boxes [-hlmrv] [-a format] [-d design] [-f file] [-i indent] [-k bool] [-p pad] [-s size] [-t tabopts] [infile [outfile]]
Boxes is a text filter which can draw any kind of box around its input text. Box design choices range from simple boxes to complex ASCII art. A box can also be removed and repaired, even if it has been badly damaged by editing of the text inside. Since boxes may be open on any side, boxes can also be used to create regional comments in any programming language. New box designs of all sorts can easily be added and shared by appending to a free format configuration file.
boxes was originally intended to be used with the vim(1) text editor, but it can be tied to any text editor which supports filters, as well as called from the command line as a standalone tool.
Options offered by boxes are the following:
- -a string
Alignment/positioning of text inside box. This option takes a format string argument which is read from left to right. The format string may not contain whitespace and must consist of one or more of the following components:
hx - horizontal alignment of the input text block inside a potentially larger box. Possible values for x are l (ell, for left alignment), c (center), or r (right). This does not affect the justification of text lines within the input text block (use the j argument instead).
vx - vertical alignment of the input text block inside a potentially larger box. Possible values for x are t (for top alignment), c (center), or b (bottom).
jx - justification of lines within the input text block. Possible values for x are l (ell, for left justification), c (center), or r (right). This does not affect the alignment of the input text block itself within the box. Use the h and v arguments for input text block positioning.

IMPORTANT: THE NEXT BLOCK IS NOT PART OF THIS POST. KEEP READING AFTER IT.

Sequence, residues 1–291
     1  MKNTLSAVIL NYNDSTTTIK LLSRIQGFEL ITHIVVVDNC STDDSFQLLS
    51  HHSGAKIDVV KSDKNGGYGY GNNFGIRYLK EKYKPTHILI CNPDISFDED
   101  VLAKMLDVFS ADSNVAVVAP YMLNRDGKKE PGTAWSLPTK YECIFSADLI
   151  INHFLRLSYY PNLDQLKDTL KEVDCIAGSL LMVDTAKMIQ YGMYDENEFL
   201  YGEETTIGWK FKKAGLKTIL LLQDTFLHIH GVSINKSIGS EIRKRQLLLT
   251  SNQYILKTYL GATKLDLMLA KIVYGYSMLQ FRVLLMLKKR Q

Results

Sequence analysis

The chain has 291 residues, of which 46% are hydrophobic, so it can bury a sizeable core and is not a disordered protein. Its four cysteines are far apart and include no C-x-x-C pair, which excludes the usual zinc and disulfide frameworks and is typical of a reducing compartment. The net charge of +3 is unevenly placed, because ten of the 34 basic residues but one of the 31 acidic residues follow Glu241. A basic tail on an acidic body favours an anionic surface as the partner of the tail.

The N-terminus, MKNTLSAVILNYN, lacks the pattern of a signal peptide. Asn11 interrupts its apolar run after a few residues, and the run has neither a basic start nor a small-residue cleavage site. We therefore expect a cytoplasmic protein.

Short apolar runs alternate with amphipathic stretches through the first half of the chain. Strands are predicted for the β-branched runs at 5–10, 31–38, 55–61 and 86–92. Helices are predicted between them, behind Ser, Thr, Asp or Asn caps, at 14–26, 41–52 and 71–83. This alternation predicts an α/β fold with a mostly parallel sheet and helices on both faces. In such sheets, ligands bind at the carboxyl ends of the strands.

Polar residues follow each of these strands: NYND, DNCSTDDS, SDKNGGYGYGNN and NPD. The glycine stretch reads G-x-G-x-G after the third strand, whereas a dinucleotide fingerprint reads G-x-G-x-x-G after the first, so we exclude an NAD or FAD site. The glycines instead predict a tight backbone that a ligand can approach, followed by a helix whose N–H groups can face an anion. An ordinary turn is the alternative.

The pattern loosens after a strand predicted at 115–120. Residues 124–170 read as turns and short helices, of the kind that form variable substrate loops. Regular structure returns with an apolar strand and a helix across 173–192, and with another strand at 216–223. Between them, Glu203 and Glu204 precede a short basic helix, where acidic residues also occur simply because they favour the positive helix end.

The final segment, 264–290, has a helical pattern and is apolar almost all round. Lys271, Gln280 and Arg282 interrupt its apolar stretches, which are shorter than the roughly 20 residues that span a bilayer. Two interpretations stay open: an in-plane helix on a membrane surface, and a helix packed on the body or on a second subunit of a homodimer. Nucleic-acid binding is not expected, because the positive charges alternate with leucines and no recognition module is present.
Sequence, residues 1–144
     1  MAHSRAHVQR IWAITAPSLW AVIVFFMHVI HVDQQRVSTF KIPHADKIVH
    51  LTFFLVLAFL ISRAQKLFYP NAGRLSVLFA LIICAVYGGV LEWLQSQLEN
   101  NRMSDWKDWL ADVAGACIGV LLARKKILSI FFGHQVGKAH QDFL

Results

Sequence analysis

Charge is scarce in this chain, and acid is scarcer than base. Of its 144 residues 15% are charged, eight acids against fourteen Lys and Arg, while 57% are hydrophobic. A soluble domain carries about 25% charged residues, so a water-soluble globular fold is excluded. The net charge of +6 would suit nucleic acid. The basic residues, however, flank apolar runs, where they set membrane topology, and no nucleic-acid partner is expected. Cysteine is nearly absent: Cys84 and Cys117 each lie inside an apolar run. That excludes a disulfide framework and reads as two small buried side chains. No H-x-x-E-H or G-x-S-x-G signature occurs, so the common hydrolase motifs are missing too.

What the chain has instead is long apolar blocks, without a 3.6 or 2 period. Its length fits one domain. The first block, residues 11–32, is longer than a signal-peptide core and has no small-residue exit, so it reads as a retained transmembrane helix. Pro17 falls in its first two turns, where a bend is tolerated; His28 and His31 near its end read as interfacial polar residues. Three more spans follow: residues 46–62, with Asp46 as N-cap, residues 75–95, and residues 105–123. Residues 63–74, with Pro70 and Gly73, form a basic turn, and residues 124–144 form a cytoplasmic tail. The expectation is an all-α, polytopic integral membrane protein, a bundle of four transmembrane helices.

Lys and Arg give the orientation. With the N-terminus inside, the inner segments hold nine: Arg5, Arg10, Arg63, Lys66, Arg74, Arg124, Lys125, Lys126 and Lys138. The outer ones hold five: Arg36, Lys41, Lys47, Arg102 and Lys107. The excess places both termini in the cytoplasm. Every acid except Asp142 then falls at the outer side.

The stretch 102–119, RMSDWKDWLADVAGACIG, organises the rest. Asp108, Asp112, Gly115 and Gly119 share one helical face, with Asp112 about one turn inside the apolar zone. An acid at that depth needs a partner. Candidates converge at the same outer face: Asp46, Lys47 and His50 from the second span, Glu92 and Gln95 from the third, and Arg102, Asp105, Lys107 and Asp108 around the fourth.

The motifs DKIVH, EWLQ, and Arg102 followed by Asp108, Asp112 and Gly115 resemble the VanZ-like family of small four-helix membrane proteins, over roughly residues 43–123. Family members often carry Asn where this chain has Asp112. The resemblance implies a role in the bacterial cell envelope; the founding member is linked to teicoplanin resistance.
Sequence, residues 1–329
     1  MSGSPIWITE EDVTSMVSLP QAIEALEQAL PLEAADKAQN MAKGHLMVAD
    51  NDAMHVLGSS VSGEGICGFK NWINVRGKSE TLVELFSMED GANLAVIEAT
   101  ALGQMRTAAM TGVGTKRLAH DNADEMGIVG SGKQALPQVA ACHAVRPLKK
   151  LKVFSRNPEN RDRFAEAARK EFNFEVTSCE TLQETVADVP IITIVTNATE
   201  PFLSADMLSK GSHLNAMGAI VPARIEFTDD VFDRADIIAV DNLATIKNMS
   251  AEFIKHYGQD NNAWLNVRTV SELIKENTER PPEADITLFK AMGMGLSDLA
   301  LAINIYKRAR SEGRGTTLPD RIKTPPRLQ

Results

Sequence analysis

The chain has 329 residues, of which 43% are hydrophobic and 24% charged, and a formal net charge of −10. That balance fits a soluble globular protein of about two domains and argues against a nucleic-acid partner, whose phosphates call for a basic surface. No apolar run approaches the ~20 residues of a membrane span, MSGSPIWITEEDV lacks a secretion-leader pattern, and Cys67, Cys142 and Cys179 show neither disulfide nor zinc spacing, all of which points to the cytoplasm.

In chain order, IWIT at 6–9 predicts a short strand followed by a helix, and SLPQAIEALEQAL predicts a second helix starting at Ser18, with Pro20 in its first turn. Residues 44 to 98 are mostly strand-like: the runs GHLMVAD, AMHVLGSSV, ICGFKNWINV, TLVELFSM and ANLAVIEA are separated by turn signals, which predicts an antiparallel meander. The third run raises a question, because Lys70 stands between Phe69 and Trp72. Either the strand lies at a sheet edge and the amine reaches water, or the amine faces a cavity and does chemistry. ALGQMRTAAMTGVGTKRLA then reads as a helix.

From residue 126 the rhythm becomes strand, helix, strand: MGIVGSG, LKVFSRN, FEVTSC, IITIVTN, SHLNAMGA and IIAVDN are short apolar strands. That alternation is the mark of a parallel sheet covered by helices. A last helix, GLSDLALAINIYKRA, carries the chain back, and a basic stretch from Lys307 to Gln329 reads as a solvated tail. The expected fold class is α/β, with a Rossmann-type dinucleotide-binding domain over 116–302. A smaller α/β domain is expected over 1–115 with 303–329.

Short hand notations (can be combined with the above arguments):
l (ell) - short for hlvcjl
c - short for hcvcjc
r - short for hrvcjr
The factory default setting for -a is hlvt.
- -c string
Command line design definition for simple cases. The argument of this option is the definition for the "west" (W) shape. The defined shape must consist of exactly one line, i.e. no multi-line shapes are allowed. The -c option is intended as a shortcut for those cases where simple regional comments are to be created, which only need a certain character or sequence of characters to be placed in front of every line. In such cases, it is much more convenient to simply specify -c than to do a complete design definition in one's config file, where the only shape defined is the west shape.
This option implies a -d and does not access the config file. -c may of course be used in conjunction with any of the other options. By default, -c is not specified.
- -d string
Design selection. The one argument of this option is the name of the design to use.
- -f string
Use alternate config file. The one argument of this option is the name of a valid boxes config file, containing new and exciting designs!
Print usage information.
- -i string
Indentation mode. Possible arguments are "text" (indent text inside of box), "box" (indent box, not text inside of box), or "none" (throw away indentation). Arguments may be abbreviated. The default is to indent the box, but not the text.
- -k bool
Kill leading/trailing blank lines on removal. The value of bool can be specified as on, yes, true, 1, or t, all meaning yes, or off, no, false, 0, or f, which mean no. This is case-insensitive. This option only takes effect in connection with -r. If set to yes, leading and trailing blank lines will be removed from the output. If set to no, the entire content of the former box is returned. The default is no, if both the top and the bottom part of the box are open, as is the case with most regional comments. If the box's design defines a top part or a bottom part, the default is yes.
(ell) List designs. Produces a listing of all available box designs in the config file, along with a sample box and information about it's creator. Also checks syntax of the entire config file. If used in connection with -d, displays detailed information about the specified design.